If not personally contemptuous, adverse criticism of one of the officials or legislatures named in the article in the course of a political discussion, even though emphatically expressed, may not be charged as a violation of the article.

In other words, if officers (active or retired) merely criticize Rumsfeld, even emphatically, they are not violating military law, as long as they avoid "contemptuous" words. (I guess this means you should preface your remarks by saying, "With all due respect, sir � ") So, it turns out that military law�which actually protects most critical speech�may not be why active-duty officers won't harsh on Rumsfeld. They refrain from criticism of any sort not because they fear court-martial, but because they know their careers will hit a brick wall. They'll never be promoted; they'll probably be transferred to the Arctic Circle.

The open question is: What is the legal meaning of "contemptuous"? Article 88 offers no definition. Neither does the commentary in the Manual for Courts-Martial. The only guidance that the Defense Department's public-affairs office could come up with was this definition from The Military Judges' Benchbook, paragraph 3-12-1d:

"Contemptuous" means insulting, rude, disdainful or otherwise disrespectfully attributing to another qualities of meanness, disreputableness, or worthlessness.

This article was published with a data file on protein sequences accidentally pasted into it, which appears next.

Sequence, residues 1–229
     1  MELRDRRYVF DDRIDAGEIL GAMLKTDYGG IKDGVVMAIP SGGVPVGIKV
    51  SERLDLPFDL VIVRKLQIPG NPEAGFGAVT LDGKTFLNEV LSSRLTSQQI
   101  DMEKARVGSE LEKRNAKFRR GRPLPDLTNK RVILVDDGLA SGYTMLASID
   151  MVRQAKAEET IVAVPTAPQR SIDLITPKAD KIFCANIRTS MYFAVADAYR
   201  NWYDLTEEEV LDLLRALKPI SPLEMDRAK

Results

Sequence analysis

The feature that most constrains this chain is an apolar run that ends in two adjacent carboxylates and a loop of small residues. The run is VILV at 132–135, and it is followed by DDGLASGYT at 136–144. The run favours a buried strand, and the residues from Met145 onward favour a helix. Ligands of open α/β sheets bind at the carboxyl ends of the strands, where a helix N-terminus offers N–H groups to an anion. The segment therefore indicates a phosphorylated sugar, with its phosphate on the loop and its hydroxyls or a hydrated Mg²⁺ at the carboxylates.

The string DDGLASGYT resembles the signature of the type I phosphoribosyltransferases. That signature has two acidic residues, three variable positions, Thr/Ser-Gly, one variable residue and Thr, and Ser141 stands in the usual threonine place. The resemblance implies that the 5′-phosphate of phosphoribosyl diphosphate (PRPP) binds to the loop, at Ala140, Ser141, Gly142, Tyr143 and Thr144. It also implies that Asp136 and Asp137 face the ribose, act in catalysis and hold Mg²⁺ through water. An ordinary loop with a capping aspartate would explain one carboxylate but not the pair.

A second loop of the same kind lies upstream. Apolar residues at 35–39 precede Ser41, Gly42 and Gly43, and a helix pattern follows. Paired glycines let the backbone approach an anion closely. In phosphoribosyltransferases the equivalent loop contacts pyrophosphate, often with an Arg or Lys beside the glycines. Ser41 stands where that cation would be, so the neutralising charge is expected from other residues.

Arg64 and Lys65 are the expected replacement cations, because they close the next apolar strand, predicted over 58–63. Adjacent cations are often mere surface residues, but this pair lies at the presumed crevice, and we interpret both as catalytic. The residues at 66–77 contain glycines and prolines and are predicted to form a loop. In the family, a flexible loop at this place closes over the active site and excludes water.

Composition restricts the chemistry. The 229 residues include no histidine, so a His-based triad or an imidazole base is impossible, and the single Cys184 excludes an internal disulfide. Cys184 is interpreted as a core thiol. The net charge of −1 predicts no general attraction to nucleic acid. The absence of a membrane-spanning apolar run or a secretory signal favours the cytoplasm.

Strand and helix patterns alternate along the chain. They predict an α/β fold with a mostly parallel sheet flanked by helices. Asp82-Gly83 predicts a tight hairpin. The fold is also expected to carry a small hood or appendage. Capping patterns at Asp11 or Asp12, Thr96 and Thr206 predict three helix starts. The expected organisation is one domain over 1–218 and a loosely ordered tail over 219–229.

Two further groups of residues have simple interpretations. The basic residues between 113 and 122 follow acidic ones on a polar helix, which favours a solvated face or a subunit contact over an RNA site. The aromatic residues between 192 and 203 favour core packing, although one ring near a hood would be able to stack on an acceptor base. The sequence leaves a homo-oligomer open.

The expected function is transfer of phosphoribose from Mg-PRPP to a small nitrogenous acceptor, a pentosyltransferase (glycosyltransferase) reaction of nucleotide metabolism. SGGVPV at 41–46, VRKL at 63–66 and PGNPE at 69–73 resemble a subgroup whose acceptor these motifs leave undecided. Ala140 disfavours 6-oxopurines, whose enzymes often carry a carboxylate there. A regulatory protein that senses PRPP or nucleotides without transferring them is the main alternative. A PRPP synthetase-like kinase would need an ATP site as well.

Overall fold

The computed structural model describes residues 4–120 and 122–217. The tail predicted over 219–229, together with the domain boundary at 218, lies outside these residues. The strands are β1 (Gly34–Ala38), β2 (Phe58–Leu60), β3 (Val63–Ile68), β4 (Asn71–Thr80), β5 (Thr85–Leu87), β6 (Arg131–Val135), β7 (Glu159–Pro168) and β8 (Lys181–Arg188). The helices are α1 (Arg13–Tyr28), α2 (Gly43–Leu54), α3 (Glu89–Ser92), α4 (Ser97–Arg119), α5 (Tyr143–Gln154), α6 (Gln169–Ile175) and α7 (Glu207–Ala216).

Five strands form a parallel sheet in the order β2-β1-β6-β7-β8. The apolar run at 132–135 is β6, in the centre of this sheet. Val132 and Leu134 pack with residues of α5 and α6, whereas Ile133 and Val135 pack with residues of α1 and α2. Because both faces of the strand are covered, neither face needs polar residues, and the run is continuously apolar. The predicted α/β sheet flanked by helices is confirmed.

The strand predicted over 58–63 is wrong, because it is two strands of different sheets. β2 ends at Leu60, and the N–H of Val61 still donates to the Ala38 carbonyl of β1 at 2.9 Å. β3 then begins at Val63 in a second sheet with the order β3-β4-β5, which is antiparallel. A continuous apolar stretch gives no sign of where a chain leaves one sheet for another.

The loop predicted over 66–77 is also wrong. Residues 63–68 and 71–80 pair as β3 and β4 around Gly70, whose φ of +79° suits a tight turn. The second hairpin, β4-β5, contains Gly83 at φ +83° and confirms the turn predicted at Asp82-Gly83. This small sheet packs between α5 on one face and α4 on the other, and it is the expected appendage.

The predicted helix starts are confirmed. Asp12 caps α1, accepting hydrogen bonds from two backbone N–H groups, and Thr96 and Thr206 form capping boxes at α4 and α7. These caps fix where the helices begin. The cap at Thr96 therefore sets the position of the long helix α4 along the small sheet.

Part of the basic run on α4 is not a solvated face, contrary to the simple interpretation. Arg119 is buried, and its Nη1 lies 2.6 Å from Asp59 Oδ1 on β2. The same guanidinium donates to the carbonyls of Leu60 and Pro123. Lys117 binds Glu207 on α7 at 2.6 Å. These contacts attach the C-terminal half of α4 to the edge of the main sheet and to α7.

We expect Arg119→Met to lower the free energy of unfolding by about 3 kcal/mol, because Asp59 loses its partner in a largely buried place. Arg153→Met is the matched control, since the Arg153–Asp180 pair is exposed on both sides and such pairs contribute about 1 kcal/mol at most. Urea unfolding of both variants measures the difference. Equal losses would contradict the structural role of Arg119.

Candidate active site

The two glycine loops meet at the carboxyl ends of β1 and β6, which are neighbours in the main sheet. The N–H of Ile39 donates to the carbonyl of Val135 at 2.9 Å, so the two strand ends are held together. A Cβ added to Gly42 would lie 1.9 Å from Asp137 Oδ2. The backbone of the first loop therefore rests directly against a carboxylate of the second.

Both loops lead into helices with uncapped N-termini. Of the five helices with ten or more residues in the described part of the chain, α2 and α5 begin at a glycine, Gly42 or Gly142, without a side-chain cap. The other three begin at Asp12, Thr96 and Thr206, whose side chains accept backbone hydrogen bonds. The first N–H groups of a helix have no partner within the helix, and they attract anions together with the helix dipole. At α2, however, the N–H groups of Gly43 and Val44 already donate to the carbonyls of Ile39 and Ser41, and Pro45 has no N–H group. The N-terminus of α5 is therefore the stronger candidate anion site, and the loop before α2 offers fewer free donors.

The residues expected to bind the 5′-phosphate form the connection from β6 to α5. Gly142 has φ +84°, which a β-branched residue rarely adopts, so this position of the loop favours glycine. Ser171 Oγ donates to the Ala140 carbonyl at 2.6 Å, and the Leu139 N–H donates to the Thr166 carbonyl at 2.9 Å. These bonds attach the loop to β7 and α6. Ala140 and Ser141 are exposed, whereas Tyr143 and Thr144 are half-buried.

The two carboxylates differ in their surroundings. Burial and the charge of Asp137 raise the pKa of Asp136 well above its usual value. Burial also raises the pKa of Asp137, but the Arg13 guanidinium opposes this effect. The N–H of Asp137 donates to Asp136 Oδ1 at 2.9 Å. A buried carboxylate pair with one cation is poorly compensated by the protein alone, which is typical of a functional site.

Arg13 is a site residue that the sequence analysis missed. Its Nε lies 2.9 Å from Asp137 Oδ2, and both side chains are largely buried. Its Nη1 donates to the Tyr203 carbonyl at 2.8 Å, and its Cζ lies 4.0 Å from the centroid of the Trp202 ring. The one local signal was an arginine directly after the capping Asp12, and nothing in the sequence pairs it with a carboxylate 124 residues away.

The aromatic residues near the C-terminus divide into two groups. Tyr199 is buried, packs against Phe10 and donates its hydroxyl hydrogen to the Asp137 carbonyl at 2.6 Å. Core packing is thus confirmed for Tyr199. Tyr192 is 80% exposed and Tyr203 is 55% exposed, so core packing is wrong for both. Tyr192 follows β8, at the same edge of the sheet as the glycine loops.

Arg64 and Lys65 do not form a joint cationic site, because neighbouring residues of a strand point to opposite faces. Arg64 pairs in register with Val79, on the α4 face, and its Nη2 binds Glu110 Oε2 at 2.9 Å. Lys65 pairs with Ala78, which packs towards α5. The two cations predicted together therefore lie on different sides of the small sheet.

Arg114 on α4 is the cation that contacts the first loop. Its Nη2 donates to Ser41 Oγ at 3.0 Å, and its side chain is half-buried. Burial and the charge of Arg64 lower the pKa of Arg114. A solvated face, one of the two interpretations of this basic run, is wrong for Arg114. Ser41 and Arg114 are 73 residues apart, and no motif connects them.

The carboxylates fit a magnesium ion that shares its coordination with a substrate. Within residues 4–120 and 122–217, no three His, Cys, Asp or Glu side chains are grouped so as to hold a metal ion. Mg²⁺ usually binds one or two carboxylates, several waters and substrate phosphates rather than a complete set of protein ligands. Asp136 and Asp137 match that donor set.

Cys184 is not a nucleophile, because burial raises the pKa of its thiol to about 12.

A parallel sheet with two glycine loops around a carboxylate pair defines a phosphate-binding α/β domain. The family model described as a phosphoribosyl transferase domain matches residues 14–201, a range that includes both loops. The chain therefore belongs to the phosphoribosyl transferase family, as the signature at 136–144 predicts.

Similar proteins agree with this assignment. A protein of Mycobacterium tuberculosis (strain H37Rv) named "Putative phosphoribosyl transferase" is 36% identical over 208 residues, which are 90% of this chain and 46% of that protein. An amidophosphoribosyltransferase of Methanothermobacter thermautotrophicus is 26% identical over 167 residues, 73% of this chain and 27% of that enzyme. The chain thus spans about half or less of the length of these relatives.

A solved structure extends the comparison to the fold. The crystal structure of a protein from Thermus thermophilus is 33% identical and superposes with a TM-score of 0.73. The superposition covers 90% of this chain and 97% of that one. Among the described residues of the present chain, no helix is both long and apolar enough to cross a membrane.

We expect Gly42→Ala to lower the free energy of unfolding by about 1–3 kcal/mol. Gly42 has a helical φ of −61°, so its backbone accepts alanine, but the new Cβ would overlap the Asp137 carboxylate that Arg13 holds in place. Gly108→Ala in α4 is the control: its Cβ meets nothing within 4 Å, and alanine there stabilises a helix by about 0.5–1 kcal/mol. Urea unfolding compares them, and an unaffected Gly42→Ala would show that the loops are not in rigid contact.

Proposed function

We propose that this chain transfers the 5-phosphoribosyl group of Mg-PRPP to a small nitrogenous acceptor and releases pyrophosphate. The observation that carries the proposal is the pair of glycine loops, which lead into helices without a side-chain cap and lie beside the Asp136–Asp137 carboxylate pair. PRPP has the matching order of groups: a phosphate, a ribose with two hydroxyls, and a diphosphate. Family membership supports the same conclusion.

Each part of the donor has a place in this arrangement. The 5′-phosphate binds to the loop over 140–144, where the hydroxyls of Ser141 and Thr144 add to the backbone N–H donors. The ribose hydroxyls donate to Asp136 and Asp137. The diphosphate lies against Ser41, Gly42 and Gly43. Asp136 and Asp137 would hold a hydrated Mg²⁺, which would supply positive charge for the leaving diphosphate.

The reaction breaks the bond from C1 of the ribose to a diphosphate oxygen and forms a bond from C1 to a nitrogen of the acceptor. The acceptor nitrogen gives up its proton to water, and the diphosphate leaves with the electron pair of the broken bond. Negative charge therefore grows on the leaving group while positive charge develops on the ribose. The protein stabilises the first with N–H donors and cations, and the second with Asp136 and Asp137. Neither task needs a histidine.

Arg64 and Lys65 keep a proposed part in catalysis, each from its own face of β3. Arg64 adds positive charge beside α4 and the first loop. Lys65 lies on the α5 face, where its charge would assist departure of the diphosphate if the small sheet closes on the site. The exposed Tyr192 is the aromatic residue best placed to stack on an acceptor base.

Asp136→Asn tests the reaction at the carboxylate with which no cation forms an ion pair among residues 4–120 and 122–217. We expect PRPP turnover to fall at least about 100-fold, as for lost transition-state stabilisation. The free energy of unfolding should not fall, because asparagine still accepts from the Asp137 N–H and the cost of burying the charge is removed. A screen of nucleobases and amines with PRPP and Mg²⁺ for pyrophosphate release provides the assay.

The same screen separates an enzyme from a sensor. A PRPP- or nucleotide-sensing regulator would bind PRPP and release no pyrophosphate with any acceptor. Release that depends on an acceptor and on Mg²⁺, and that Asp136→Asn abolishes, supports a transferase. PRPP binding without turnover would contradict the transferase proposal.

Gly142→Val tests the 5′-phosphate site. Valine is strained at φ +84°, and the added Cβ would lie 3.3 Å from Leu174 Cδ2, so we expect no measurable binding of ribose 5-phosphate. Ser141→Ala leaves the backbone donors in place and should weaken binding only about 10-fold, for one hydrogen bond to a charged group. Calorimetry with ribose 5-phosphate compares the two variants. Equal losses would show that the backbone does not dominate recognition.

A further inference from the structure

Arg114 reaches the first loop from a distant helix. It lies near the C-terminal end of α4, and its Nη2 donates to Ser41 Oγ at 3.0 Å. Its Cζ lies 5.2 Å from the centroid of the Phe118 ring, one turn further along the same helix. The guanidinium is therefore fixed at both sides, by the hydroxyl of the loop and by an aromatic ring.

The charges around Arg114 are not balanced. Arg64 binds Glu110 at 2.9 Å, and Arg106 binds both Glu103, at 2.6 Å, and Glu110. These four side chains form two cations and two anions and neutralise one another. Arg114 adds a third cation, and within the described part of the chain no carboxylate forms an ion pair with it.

This sounds more like an 18th-century guide on gentlemen's etiquette than a modern-day casebook on military law. But if it is a crime, punishable by court-martial, to disdain Donald Rumsfeld, he could lock up half the Army officer corps.


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According to Eugene Fidell, a lawyer with the National Institute of Military Justice, the last time Article 88 was invoked was 1967, during the Vietnam War, when Reservist Lt. Howe�off duty, out of uniform, and off base near a local university�carried a placard in an anti-war demonstration that read "End Johnson's Facist [sic] Aggression in Viet Nam." He was convicted for using "contemptuous words" against the president (and, under Article 133, for "conduct unbecoming an officer"). The Court of Military Appeals affirmed the verdict, ruling that suppression of his speech was essential to prevent a military "man on a white horse" from challenging "civilian control of the military."

The only time a retired officer has been so much as charged with this offense was in 1942, when a retired Army lieutenant colonel who was opposed to America's intervention in World War II gave a speech impugning President Roosevelt's loyalty. The Army charged him under Article 88 but then withdrew the charges to avoid giving him and his views further publicity.
Fred Kaplan writes the "War Stories" column for Slate. He can be reached at

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Semper Fidelis